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Updated: March 26, 2011 20:29 IST

Unconventional and loving it

Sangeetha Devi Dundoo
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Actor Rana Daggubati plays a Goan musician in his Bollywood debut, Dum Maaro Dum. Photo: Nagara Gopal
The Hindu
Actor Rana Daggubati plays a Goan musician in his Bollywood debut, Dum Maaro Dum. Photo: Nagara Gopal

Directors seem to like the idea of exploring newer genres with me, says Rana Daggubati

Days before the release of his debut Hindi film, Rana Daggubati describes his state of mind to be ‘susegad' to borrow a Goan term. “The word describes my character of a chilled out Goan musician, Joki. Chilled out is my state of mind at the moment and I've always been like that,” he says.

Rohan Sippy's Dum Maaro Dum pitches him against Abhishek Bachchan, Prateik Babbar and Bipasha Basu. “Everyone is talking about the way I look in DMD. Come on, I was a khakhi-clad strict, rigid politician in Leader. As a Goan musician, I better look drastically different,” he laughs.

Rana landed up in Goa days ahead of the shooting to get the vibes of the city. “I am not a veteran actor. I've just done one movie. I wanted to hang out there and see how I can handle the character. Goa is one of my favourite holiday destinations. We've always seen the touristy side of Goa. DMD unfolds in Goa that we have never seen before on Indian screen,” explains Rana.

Getting his diction right was easier said than done. “Hyderabadi Hindi is Hindi that no one else can understand. And I think in Telugu or Tamil and not in Hindi,” laughs the actor. “I had a month-long training in Hindi while in Mumbai. We also had a diction trainer on the sets. Add to that, I had to lip sync a Konkani song and say a few lines in Konkani. Now, that's a foreign language to me. I had never heard Konkani before. And thanks to Phalguni and others who worked on my look to ensure that a Telugu guy looked Goan,” he laughs.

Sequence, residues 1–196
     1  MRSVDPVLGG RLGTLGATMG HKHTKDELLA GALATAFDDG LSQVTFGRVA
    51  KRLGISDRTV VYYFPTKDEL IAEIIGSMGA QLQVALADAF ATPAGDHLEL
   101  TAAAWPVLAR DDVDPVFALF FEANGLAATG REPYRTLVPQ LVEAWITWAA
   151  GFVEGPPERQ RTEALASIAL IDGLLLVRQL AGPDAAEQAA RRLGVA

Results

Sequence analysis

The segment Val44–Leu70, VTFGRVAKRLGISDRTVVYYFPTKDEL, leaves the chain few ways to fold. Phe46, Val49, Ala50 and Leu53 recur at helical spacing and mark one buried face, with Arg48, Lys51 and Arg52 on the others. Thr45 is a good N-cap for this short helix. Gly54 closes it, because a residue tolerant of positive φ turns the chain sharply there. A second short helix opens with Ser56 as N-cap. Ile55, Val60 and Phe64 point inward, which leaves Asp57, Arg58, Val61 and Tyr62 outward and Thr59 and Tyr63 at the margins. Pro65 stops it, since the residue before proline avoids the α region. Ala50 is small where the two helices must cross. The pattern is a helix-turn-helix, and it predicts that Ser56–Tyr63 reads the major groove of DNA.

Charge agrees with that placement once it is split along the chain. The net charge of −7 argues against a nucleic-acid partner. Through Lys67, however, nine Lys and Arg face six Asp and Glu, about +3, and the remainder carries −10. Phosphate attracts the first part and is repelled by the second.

He is all praise for his co-stars for not making him feel like an outsider. “Prateik and I were the first ones to start shooting for the film. Prateik is younger than me and he is extremely brilliant and honesty in his acting. He holds the beginning of the film and he sounds so true to what he is saying on screen. Abhishek is the only one I knew from before and he was my comfort zone. I had never met Bipasha before and she ensured that I felt at ease working with her,” he says.

Eyeing Tamil cinema

Ask Rana about having an unconventional launch in both Telugu and Hindi and he guffaws, “I think every director who wants to move away from his regular genre ends up calling me. Shekhar moved from family dramas to political drama with me. Rohan has never explored the drug-mafia nexus before DMD. Jagan (Puri Jagganath) is doing something different in Nenu Naa Rakshashi. And Selva Raghavan, unlike his earlier movies, is doing a hard hitting action film in my Telugu-Tamil bilingual,” he explains.

Up for release is also Nenu Naa Rakshashi, which Rana describes as “a romantic thriller involving two complex characters with saddened lives. The subtext of the film is that suicide is the permanent solution for all our temporary problems. Generally, I like to have reference points. Before Leader, I watched movies like American President to see how actors like Michael Douglas deal with such characters. But I couldn't find a single reference point for Puri's film. Korean films do deal with such issues but they are too dark,” he states.

Finally, we ask him about another aspiring actor from his family and Rana laughs, “My brother? He is a Standard XII student. Come to think of it, each one of my family members has had something to do with movies. Cinema is a way of life for us. For a short time, I dabbled with a BPO company but realised that was not what I wanted to do. There is so much madness in movies that makes this journey exciting. Your journey begins from scratch in each movie. No other job in the world can match that,” he says, resting the case about why his family will always be in the business of entertainment.

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